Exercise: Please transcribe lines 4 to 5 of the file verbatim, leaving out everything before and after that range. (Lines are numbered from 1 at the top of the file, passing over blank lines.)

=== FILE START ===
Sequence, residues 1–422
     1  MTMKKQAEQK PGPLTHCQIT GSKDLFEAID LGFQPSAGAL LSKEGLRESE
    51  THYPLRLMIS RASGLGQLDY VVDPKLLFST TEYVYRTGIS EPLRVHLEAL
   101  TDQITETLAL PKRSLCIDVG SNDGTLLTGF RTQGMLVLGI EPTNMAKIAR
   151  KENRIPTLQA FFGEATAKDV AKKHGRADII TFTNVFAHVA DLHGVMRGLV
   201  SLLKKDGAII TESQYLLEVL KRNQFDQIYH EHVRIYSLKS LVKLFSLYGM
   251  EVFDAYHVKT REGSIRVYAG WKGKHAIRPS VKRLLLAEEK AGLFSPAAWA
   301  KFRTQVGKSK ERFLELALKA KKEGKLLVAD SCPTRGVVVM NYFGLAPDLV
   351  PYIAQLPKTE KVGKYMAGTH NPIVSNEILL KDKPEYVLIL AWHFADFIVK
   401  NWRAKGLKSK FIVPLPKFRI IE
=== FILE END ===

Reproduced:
   101  TDQITETLAL PKRSLCIDVG SNDGTLLTGF RTQGMLVLGI EPTNMAKIAR
   151  KENRIPTLQA FFGEATAKDV AKKHGRADII TFTNVFAHVA DLHGVMRGLV